In this tutorial, we’ll look at the basics of Transport Layer Security (TLS). Then, we’ll learn how to check the required TLS version for a host in Linux.
2. Transport Layer Security
Transport Layer Security (TLS) is a cryptographic protocol that secures communication over a computer network between nodes.
With transport layer security, nodes exchange cryptographic specifications and parameters as part of the initialization. After exchanging the parameters, the nodes are able to encrypt their messages such that only the target node can decipher the message.
This prevents anyone on the network from eavesdropping on messages between the nodes.
2.1. TLS Version Negotiation
To set up a secure channel, the client and server perform negotiation on the TLS version to use as part of the initialization process.
Firstly, a client tells the server what TLS protocol versions it supports. Then, if the server can support the protocol version, it selects one and uses that throughout the entire session with the client.
On the other hand, the server rejects the connection if the server cannot support the TLS version the client asks for.
This negotiation process is an important step in the whole TLS handshake procedure. This is because it ensures that both client and server can agree upon the version that both support.
2.2. Which TLS Versions?
As the TLS specification evolves, new versions are introduced to accommodate better security and performance considerations. In the beginning, TLS was known as SSL and the versions are SSL 1.0, 2.0, and 3.0. However, all the SSL versions are deprecated as of 2015.
After SSL 3.0, the term SSL was dropped and replaced with TLS. In total, there are four different TLS versions, TLS 1.0, 1.1, 1.2, and 1.3. The TLS 1.0 and 1.1 have been deprecated as of 2021 with TLS 1.3 being the recommended TLS version.
With all these different versions, how can we as a client know which versions the host supports? In the following sections, we’ll look at some methods we can use to answer the question.
3. The openssl s_client Command
The openssl command is the command-line tool in Linux that allows us to use OpenSSL’s cryptography functions on the shell.
Within the openssl command, the s_client subcommand is an SSL/TLS client. Furthermore, the s_client subcommand offers several options that specify the TLS version we want to use when connecting to the host.
Using these options, we can iteratively try out different TLS versions and observe the server response. Through the response, we’ll be able to deduce the TLS versions that the host supports.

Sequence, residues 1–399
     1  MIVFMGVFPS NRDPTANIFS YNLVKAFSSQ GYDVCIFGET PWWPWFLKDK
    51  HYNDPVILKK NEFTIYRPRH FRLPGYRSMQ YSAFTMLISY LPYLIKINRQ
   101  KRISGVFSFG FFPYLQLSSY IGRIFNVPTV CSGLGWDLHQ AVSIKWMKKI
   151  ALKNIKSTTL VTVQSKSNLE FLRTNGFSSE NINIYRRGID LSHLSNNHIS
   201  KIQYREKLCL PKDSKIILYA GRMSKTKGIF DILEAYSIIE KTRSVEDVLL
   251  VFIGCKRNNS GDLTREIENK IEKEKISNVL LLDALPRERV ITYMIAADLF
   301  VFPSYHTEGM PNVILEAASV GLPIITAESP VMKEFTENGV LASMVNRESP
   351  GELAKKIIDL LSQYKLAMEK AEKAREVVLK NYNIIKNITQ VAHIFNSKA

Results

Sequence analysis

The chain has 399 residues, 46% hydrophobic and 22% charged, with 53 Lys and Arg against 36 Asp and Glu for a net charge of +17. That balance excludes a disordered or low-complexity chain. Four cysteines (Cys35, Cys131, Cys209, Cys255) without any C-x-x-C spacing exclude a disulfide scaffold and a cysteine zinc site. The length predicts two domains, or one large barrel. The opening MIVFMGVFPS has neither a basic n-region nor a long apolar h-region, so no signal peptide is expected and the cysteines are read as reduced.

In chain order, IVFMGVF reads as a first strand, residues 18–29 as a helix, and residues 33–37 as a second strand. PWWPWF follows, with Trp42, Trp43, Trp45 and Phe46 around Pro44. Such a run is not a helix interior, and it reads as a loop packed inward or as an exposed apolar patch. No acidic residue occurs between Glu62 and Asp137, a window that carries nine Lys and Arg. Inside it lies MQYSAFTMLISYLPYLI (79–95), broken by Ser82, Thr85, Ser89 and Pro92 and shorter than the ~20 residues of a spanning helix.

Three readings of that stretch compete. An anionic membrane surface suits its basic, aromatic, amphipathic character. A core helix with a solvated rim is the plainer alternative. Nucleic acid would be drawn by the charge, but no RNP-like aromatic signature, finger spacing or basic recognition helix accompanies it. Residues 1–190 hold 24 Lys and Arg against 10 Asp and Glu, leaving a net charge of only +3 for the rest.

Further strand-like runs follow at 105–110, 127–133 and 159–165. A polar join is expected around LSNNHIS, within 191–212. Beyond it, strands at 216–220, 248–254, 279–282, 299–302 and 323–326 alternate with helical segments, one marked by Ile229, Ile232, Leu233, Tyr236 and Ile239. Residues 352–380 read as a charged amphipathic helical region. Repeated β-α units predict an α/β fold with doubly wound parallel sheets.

We can obtain the openssl s_client command by installing the openssl package using the package manager. Specifically, we can install it using the apt-get command in Ubuntu:
$ sudo apt-get install -y openssl
Then, we can verify our installation by printing the help page of s_client:
$ openssl s_client -help Usage: s_client [options] Valid options are: -help Display this summary ...
3.2. Specifying the TLS Version Using Options
The s_client subcommand allows us to specify the specific TLS version to offer to the server using -tls1, -tls1_1, -tls1_2, -tls1_3 options. These options correspond to the TLS versions 1.0, 1.1, 1.2, and 1.3 respectively.
For example, we can initiate a TLS connection with google.com and offer only TLS version 1.1 to the server:
$ openssl s_client -connect google.com:443 -tls1_1 CONNECTED(00000005) depth=2 C = US, O = Google Trust Services LLC, CN = GTS Root R1 verify error:num=20:unable to get local issuer certificate --- Certificate chain 0 s:CN = *.google.com i:C = US, O = Google Trust Services LLC, CN = GTS CA 1C3 1 s:C = US, O = Google Trust Services LLC, CN = GTS CA 1C3 i:C = US, O = Google Trust Services LLC, CN = GTS Root R1 2 s:C = US, O = Google Trust Services LLC, CN = GTS Root R1 i:C = BE, O = GlobalSign nv-sa, OU = Root CA, CN = GlobalSign Root CA --- Server certificate -----BEGIN CERTIFICATE----- MIIOPDCCDSSgAwIBAgIRAIL1YOXCpi0SCR8u2Lz1CqMwDQYJKoZIhvcNAQELBQAw ...
The command above initiates a TLS connection to the host google.com on port 443. Additionally, using the -tls1_1, we are telling the host that as the client, we can only support up to TLS version 1.1.
In the first line of the output, the message CONNECTED(00000005) means that we’ve successfully established a secure channel between us and the host. In other words, the server has no problem supporting TLS version 1.1, as per our request.
What if the host doesn’t support the TLS version we request? Let’s now connect to the host api.stripe.com with TLS 1.1:
$ openssl s_client -connect api.stripe.com:443 -tls1_1 CONNECTED(00000005) 139944872509888:error:1409442E:SSL routines:ssl3_read_bytes:tlsv1 alert protocol version:../ssl/record/rec_layer_s3.c:1528:SSL alert number 70 --- no peer certificate available --- No client certificate CA names sent ...
In the first line of the output, we can see that the command raises an error SSL alert number 70. Specifically, we’re hit by the protocol version error, as per the documentation. This means that the server rejected our request because it cannot support TLS version 1.1.
Let’s bump up the TLS version to 1.2 and try again:
$ openssl s_client -connect api.stripe.com:443 -tls1_2 CONNECTED(00000005) depth=1 C = US, O = DigiCert Inc, OU = www.digicert.com, CN = DigiCert SHA2 Extended Validation Server CA verify error:num=20:unable to get local issuer certificate --- Certificate chain 0 s:jurisdictionC = US, jurisdictionST = Delaware, businessCategory = Private Organization, serialNumber = 4675506, C = US, ST = California, L = South San Francisco, O = "Stripe, Inc", CN = api.stripe.com ... --- Server certificate -----BEGIN CERTIFICATE----- MIIHPTCCBiWgAwIBAgIQCHCQkCmNr9Kx8PXt7yIDzjANBgkqhkiG9w0BAQsFADB1 ...